Jim Culbert, who has served as chief information officer for the Duval County Schools in Jacksonville, Fla., since 1998, told his fellow school IT chiefs about his experience with an eighth grader who was determined to find his way through the district’s network security.
The boy, 13, whom Culbert described as "underprivileged," did not have a computer at home. His only interaction with computers was at school, where he often stayed late to become proficient on the web. The student eventually taught himself how to level devastating proxy attacks on the school district’s security system, giving Culbert and his IT staff headaches as they tried to counter the attacks. Culbert said the student was suspended for five days, but when the boy returned to school, Culbert said he was so impressed by the youth’s willingness to learn about computers that he took him in and had him coached by IT staff.
This wasn’t the first time Culbert encountered acceptable-use violations on school system computer equipment. In 2006, Culbert briefed the Duval County School Board on a rash of students and faculty who used school equipment to view pornography online. Board members asked Culbert to shore up the network, and with products from 8e6 Technologies, IT personnel soon were able to track users’ web use—knowing when a student or faculty member was viewing inappropriate web sites using school equipment.
Several school district IT managers at the NECC meeting were concerned about the trend of linking pornographic web sites to popular blogs visited daily by students. The blog web pages are not blocked, tech chiefs said, because they are not usually included on a school system’s list of prohibited web sites. But many blogs—even if they are not related to pornographic material—include a host of web links that transfer students directly to porn sites, among others, which often damage a network and clog a district’s bandwidth.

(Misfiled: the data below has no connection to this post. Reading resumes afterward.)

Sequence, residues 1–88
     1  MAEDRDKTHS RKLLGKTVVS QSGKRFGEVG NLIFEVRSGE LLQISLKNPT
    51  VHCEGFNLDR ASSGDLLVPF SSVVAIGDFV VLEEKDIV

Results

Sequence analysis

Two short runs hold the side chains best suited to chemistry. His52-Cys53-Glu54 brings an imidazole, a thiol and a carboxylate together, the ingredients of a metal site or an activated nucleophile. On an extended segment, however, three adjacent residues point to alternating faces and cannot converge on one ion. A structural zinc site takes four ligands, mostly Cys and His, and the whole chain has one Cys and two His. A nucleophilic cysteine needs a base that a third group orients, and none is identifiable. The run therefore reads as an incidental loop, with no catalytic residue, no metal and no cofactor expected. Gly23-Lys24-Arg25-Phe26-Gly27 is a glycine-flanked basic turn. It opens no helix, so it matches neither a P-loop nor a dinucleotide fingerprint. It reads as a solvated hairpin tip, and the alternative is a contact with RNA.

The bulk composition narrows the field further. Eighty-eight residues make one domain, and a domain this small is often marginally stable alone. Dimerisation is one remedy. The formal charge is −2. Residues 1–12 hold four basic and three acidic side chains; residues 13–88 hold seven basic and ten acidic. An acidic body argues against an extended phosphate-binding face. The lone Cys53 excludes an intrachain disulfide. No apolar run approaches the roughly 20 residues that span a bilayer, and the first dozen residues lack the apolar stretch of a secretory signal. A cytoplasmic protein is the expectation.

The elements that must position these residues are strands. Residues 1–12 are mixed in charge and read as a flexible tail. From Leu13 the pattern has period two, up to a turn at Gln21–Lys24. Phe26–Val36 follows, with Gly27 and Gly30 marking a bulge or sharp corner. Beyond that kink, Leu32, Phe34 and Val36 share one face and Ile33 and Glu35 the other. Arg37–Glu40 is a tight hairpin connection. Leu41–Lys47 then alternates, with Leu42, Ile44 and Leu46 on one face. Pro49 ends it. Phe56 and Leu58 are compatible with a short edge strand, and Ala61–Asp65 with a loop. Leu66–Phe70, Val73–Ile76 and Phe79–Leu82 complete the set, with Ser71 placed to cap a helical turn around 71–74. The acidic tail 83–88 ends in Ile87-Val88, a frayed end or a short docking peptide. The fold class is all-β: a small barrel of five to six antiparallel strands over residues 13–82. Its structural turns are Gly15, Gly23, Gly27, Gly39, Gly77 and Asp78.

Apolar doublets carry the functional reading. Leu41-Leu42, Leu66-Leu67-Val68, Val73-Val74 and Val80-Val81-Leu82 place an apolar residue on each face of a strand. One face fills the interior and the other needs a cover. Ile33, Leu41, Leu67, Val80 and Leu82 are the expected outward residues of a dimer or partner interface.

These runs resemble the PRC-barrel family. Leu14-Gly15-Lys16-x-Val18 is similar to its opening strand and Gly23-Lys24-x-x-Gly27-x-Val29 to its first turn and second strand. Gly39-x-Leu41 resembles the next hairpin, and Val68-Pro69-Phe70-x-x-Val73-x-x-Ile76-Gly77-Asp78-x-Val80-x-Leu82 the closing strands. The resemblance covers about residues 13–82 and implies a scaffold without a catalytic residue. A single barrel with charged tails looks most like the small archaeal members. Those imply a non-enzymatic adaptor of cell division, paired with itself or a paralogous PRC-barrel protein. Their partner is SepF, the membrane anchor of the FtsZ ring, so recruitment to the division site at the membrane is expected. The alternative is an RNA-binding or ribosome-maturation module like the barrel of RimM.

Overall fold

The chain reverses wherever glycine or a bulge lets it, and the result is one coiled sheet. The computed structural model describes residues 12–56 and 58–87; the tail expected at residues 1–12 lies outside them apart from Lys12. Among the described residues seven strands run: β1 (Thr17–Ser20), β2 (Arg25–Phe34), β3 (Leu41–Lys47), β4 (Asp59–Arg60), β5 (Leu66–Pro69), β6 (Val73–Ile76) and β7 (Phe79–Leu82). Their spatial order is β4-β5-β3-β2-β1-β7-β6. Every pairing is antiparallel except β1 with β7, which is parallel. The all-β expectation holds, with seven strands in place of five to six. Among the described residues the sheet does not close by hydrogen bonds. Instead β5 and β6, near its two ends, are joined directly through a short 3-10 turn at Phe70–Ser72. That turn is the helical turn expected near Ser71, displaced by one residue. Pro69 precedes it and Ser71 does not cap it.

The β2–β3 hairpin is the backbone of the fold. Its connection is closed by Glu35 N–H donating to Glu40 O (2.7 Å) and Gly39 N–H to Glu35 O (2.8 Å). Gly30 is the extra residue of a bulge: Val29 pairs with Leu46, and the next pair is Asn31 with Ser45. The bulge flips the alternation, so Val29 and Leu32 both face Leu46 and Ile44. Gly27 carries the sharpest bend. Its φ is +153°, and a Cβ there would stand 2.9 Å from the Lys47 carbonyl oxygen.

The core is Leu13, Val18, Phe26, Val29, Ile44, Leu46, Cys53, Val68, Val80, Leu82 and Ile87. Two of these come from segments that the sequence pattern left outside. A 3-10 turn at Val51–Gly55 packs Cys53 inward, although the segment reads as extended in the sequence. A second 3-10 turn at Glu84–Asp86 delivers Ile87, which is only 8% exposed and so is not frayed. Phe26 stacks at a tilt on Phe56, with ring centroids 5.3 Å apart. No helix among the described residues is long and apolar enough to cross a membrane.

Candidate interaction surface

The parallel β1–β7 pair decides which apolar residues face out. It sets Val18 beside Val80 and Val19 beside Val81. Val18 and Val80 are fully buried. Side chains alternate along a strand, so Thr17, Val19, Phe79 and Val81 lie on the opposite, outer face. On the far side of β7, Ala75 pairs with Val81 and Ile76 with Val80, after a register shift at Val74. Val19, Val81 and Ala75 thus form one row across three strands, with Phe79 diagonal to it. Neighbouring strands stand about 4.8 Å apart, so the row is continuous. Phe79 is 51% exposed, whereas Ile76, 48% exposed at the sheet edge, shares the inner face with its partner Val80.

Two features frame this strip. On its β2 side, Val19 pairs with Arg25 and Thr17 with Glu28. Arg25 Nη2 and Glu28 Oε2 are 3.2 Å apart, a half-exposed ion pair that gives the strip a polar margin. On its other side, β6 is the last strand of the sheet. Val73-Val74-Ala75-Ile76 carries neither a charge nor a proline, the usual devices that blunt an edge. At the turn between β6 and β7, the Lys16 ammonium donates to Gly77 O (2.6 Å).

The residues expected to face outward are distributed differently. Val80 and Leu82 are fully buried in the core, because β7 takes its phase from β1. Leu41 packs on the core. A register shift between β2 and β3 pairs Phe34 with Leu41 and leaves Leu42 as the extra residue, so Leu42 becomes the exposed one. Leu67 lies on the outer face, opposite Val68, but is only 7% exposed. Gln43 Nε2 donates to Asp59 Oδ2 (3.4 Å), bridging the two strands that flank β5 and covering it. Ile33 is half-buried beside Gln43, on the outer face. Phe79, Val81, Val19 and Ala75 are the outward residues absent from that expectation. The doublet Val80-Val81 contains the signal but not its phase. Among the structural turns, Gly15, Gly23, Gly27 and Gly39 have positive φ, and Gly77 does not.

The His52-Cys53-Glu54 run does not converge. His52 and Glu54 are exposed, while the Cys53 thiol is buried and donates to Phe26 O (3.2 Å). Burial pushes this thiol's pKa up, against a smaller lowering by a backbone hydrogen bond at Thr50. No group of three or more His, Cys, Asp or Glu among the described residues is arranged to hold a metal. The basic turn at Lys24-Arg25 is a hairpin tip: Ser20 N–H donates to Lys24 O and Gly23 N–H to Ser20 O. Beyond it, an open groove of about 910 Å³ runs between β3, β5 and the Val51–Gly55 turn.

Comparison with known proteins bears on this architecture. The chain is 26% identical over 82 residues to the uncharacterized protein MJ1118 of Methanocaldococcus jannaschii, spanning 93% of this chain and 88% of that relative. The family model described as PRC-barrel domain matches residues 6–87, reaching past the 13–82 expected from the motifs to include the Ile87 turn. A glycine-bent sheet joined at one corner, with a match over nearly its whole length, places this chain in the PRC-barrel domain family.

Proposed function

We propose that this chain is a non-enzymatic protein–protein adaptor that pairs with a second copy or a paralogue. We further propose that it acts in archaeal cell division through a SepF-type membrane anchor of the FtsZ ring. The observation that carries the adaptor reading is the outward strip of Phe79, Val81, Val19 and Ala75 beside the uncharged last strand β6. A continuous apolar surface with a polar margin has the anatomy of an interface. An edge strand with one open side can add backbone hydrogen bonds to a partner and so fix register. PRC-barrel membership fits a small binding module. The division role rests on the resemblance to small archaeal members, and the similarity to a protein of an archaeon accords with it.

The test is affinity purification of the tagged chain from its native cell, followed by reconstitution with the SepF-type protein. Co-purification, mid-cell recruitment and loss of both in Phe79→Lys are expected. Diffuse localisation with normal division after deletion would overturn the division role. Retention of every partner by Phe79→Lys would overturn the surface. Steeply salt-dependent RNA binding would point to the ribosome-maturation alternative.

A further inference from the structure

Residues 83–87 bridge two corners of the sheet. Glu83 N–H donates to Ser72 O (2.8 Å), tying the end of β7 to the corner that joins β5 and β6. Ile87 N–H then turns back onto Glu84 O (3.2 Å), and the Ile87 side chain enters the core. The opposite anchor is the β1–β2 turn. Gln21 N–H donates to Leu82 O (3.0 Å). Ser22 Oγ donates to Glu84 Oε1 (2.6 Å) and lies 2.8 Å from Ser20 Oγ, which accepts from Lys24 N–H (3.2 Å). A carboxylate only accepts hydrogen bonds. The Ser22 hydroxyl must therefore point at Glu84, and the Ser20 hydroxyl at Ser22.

School tech chiefs said they feared a student backlash if their favorite non-pornographic web sites were blocked. They added that as more sites include porn links, many sites that were once accessible to students and staff would be blocked accidentally. But as web filtering becomes more sophisticated, network security tools will be able to weed out only the sites that violate strict acceptable-use rules laid out every school year, 8e6 officials said.
School tech administrators and 8e6 President Paul Myer also discussed a recent trend in student hacking, known popularly as "war driving," or finding and documenting vulnerabilities in Wi-Fi networks. War-driving software is readily available on the internet, such as NetStumbler for Windows or SWScanner for Linux—posing a constant worry for school IT directors.
Students nationwide have stalked in and around their schools, searching for unsecured wireless access points from which they can view web sites that are usually blocked by the district’s filtering system. When these access points are discovered—most often near the edges of a school’s campus—students make a mark on a nearby tree or sidewalk, signaling to other students where they can avoid network security.
Myer said this phenomenon is complicating efforts to provide students with school-issued laptops, known as one-to-one computing initiatives.
"It is a real problem" for one-to-one initiatives, Myer said.
The breakfast meeting ended with a discussion about recovering stolen laptop computers. While network security is an IT administrator’s foremost responsibility, some officials said stolen Mac laptops are always recovered. When a police report is filed by a Mac owner, a camera imbedded in the computer snaps pictures of the perpetrator. One IT chief who did not want to be identified said his school had recovered "100 percent" of the laptops stolen from faculty and staff.